What is the best/easy way to validate an email address in ruby (on the server side)?

You could look whether or not it matches a regexp like the one used in this Rails validator:

validates_format_of :email,:with => /\A[^@\s]+@([^@\s]+\.)+[^@\s]+\z/

But if you use Devise, simply do:

validates_format_of :email,:with => Devise::email_regexp

Source: http://lindsaar.net/2008/4/14/tip-4-detecting-a-valid-email-address

Edit 1:

useful website for tests: http://www.rubular.com/

  • Will this validate 'test.com'? Fails for me. – Artem Kalinchuk Aug 9 '13 at 16:53
  • 1
    Nope its not an email – apneadiving Aug 9 '13 at 21:12
  • I mean it treats it as an email. – Artem Kalinchuk Aug 12 '13 at 11:14
  • @ArtemKalinchuk thanks for your comment! I've updated, actually I now rely on Devise regexp to reamin DRY – apneadiving Aug 16 '13 at 15:28
  • 2
    While I consider the answer as good, I have to mention that ruby != rails. The answer does not provide a solution outside the ActiveRecord validations scope. – Matei Iorgulescu May 6 '16 at 15:32

In Ruby? The same way as in any language.

Send a confirmation email to the address with a link that the recipient has to click before the email address is considered fully validated.

There are any number of reasons why a perfectly formatted address may still be invalid (no actual user at that address, blocked by spam filters, and so on). The only way to know for sure is a successfully completed end-to-end transaction of some description.

  • 2
    +1. A Regexp is a good "trivial rejection" technique, but not a complete solution. Sending a validation email in conjunction with Regexping seems relatively optimal. – EnabrenTane Jan 23 '11 at 22:22

You can use

<%=email_field_tag 'to[]','' ,:placeholder=>"Type an email address",:pattern=>"^([\w+-.%]+@[\w-.]+\.[A-Za-z]{2,4},*[\W]*)+$",:multiple => true%>
  • Wouldn't you want to validate this in the controller or model. If the html does it, you could just send a http command and get around this check. – alex_milhouse Mar 4 '16 at 0:37

I know that this is a old question but I was looking for a simple to way to do this. I came across a email_validator gem this is really simple to set up and use.

as a validator

validates :my_email_attribute, :email => true

Validation outside a model

EmailValidator.valid?('narf@example.com') # boolean

I hope that this help everyone.

Happy Codding

validates :email, presence: true, format: /\w+@\w+\.{1}[a-zA-Z]{2,}/

checks that email field is not blank and that one or more characters are both preceding the '@' and following it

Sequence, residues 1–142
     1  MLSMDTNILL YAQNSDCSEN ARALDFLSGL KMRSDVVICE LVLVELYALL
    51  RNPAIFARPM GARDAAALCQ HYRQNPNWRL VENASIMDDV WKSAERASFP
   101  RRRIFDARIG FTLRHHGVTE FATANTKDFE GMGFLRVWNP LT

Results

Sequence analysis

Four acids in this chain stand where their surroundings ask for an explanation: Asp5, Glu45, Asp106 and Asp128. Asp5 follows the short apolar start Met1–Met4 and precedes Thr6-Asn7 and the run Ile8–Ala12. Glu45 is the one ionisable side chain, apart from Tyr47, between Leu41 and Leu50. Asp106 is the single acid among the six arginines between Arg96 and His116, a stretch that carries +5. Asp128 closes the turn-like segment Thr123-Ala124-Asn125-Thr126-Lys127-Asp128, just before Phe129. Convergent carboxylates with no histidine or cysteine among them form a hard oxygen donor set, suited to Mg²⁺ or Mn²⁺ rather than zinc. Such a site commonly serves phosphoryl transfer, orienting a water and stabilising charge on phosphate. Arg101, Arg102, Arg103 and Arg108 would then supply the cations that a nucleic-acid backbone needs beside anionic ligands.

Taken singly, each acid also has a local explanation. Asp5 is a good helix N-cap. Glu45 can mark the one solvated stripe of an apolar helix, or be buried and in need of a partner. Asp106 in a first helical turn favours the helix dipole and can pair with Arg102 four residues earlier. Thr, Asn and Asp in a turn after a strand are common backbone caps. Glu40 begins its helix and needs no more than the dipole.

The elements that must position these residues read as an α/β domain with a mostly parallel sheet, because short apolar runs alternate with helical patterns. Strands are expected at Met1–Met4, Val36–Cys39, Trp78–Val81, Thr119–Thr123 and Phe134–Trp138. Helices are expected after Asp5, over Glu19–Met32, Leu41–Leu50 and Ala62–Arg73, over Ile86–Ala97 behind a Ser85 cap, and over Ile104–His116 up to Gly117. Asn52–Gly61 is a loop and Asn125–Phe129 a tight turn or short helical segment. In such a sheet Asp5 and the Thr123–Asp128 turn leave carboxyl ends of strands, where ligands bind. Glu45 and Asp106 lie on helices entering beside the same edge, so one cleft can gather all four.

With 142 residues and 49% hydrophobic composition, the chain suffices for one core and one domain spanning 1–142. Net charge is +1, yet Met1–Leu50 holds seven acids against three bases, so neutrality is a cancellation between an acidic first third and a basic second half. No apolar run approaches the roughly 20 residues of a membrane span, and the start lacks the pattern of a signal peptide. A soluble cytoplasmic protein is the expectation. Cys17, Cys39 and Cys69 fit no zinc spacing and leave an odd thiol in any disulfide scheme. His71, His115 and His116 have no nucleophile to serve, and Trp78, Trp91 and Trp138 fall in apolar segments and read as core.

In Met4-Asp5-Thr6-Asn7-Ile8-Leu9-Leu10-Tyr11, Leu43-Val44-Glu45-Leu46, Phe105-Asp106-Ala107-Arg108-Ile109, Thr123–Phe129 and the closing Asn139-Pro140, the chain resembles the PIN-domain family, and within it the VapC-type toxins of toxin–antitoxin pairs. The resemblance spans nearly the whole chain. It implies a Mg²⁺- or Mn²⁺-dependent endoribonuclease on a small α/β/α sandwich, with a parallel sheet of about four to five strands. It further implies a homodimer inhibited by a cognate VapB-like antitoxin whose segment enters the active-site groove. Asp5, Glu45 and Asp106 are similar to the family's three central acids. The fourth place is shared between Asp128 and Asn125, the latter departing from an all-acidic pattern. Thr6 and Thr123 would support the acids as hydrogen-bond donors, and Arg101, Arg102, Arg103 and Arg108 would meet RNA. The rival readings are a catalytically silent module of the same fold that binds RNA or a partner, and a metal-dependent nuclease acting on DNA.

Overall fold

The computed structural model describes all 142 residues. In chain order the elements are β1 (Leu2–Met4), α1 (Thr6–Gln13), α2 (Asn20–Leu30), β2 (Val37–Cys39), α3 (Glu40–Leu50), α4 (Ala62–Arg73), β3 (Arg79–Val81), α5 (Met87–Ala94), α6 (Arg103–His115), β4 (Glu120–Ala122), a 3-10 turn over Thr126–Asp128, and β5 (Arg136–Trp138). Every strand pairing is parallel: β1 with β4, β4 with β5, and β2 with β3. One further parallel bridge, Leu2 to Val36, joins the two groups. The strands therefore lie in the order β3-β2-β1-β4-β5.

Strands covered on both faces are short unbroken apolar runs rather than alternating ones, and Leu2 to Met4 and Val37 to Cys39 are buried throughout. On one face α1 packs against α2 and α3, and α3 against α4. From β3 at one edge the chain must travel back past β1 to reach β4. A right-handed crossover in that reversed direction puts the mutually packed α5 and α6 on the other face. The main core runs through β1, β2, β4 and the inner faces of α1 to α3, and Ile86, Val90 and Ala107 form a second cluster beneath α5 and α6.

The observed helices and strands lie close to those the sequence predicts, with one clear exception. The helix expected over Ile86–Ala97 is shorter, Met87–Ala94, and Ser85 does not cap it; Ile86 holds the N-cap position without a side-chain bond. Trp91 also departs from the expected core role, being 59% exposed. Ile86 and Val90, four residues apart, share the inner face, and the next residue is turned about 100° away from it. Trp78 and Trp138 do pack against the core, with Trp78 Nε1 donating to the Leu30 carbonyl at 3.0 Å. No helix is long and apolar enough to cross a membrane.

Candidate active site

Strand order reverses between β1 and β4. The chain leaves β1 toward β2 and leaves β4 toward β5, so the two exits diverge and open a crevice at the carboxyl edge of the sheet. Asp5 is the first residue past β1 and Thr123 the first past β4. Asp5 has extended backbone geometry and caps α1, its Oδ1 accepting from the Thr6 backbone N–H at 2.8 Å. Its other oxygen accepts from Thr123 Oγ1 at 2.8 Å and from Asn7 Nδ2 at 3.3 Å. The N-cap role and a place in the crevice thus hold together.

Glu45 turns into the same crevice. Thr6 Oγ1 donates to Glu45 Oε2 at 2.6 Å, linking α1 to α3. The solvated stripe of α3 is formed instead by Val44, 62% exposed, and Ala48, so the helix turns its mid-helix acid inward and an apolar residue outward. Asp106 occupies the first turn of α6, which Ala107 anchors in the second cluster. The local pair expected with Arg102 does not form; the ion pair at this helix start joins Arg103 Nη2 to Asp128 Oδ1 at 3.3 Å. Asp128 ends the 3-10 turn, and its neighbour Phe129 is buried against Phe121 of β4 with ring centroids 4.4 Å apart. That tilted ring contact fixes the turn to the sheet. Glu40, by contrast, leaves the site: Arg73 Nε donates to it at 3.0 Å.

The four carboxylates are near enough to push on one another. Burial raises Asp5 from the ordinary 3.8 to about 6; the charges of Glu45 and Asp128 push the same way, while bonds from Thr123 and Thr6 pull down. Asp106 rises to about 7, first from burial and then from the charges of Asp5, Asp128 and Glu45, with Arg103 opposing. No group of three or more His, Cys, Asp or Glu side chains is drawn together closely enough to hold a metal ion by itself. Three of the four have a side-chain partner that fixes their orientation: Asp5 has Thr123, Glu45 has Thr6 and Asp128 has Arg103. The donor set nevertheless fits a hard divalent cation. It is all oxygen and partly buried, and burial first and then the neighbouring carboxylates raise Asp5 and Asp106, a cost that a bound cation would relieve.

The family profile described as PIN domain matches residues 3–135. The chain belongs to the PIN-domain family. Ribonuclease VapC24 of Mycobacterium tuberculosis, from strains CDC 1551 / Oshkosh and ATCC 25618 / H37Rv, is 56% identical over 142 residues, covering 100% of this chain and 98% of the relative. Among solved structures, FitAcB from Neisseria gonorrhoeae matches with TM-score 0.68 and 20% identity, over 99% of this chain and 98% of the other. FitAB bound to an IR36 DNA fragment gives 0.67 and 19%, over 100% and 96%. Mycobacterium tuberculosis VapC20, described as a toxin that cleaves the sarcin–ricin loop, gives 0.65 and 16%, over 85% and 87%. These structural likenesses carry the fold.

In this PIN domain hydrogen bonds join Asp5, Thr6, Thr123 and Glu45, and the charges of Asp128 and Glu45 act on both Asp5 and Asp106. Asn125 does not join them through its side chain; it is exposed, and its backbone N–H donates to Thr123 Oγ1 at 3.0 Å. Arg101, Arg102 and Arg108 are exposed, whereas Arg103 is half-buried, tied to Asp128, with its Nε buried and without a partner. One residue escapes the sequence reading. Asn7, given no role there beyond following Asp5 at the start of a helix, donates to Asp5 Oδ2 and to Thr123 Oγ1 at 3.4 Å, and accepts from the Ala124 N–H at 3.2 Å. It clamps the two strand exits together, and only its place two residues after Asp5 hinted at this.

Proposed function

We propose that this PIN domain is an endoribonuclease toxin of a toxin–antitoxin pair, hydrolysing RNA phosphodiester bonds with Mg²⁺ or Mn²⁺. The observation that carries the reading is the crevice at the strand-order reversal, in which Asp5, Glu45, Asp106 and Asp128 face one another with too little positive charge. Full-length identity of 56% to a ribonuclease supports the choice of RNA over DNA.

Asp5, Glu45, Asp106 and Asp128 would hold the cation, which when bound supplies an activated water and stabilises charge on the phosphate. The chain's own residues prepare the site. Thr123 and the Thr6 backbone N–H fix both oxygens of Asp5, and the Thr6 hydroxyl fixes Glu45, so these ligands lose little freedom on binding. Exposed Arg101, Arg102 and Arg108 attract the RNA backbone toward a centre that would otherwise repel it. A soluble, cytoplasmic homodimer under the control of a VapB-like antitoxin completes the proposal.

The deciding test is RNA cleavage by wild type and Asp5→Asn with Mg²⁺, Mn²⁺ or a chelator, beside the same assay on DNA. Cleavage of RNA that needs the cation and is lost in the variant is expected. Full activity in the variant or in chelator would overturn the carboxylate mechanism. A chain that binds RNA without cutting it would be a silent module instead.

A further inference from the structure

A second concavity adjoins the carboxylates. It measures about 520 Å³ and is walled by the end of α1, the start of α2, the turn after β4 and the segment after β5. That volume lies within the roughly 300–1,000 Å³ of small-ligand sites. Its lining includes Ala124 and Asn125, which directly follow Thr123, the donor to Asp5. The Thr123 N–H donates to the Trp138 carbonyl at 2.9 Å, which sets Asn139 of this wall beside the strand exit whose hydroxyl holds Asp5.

Added specificity, any 1 or more word characters before an the @and any 1 or more word character after and in between specifically 1 . and at least 2 letters after

  • this fails a (valid) email like rob@hs-soft.com – Confused Vorlon Sep 9 '17 at 10:41
  • Yes this is too strict, I would go with: .+@.+\.{1}.{2,} – zarathustra Dec 11 '17 at 3:39

Send a confirmation mail , and I will usualy use this validator ... D.R.Y.

# lib/email_validator.rb
class EmailValidator < ActiveModel::EachValidator

  EmailAddress = begin
    qtext = '[^\\x0d\\x22\\x5c\\x80-\\xff]'
    dtext = '[^\\x0d\\x5b-\\x5d\\x80-\\xff]'
    atom = '[^\\x00-\\x20\\x22\\x28\\x29\\x2c\\x2e\\x3a-' +
      '\\x3c\\x3e\\x40\\x5b-\\x5d\\x7f-\\xff]+'
    quoted_pair = '\\x5c[\\x00-\\x7f]'
    domain_literal = "\\x5b(?:#{dtext}|#{quoted_pair})*\\x5d"
    quoted_string = "\\x22(?:#{qtext}|#{quoted_pair})*\\x22"
    domain_ref = atom
    sub_domain = "(?:#{domain_ref}|#{domain_literal})"
    word = "(?:#{atom}|#{quoted_string})"
    domain = "#{sub_domain}(?:\\x2e#{sub_domain})*"
    local_part = "#{word}(?:\\x2e#{word})*"
    addr_spec = "#{local_part}\\x40#{domain}"
    pattern = /\A#{addr_spec}\z/
  end

  def validate_each(record, attribute, value)
    unless value =~ EmailAddress
      record.errors[attribute] << (options[:message] || "is not valid") 
    end
  end

end

in your model

validates :email , :email => true

or

 validates :email, :presence => true, 
                :length => {:minimum => 3, :maximum => 254},
                :uniqueness => true,
                :email => true
  • this version is for Rails 3 – andrea Jan 23 '11 at 22:27
  • maybe not so easy , but you have to write it once and use everytime you need – andrea Jan 23 '11 at 22:35
  • 3
    Did you copy this from @apneadiving's web link? – Andrew Grimm Jan 24 '11 at 8:01
  • some explanation on what this code does would be helpful. – toobulkeh Dec 2 '13 at 20:56

Since the main answer's blog site was down, here is the snippet of code from that site via nice cacher or gist:

# http://my.rails-royce.org/2010/07/21/email-validation-in-ruby-on-rails-without-regexp/
class EmailValidator < ActiveModel::EachValidator
  # Domain must be present and have two or more parts.
  def validate_each(record, attribute, value)
    address = Mail::Address.new value
    record.errors[attribute] << (options[:message] || 'is invalid') unless (address.address == value && address.domain && address.__send__(:tree).domain.dot_atom_text.elements.size > 1 rescue false)
  end
end

Shortcut Form:

 validates :email, :format => /@/

Normal Form (Regex) :

validates :email, :format => { :with => /\A([^@\s]+)@((?:[-a-z0-9]+\.)+[a-z]{2,})\Z/ }

Source: Validator Class

You can take reference from https://apidock.com/rails/ActiveModel/Validations/HelperMethods/validates_format_of

validates_format_of :email, with: /\A([^@\s]+)@((?:[-a-z0-9]+\.)+[a-z]{2,})\z/i

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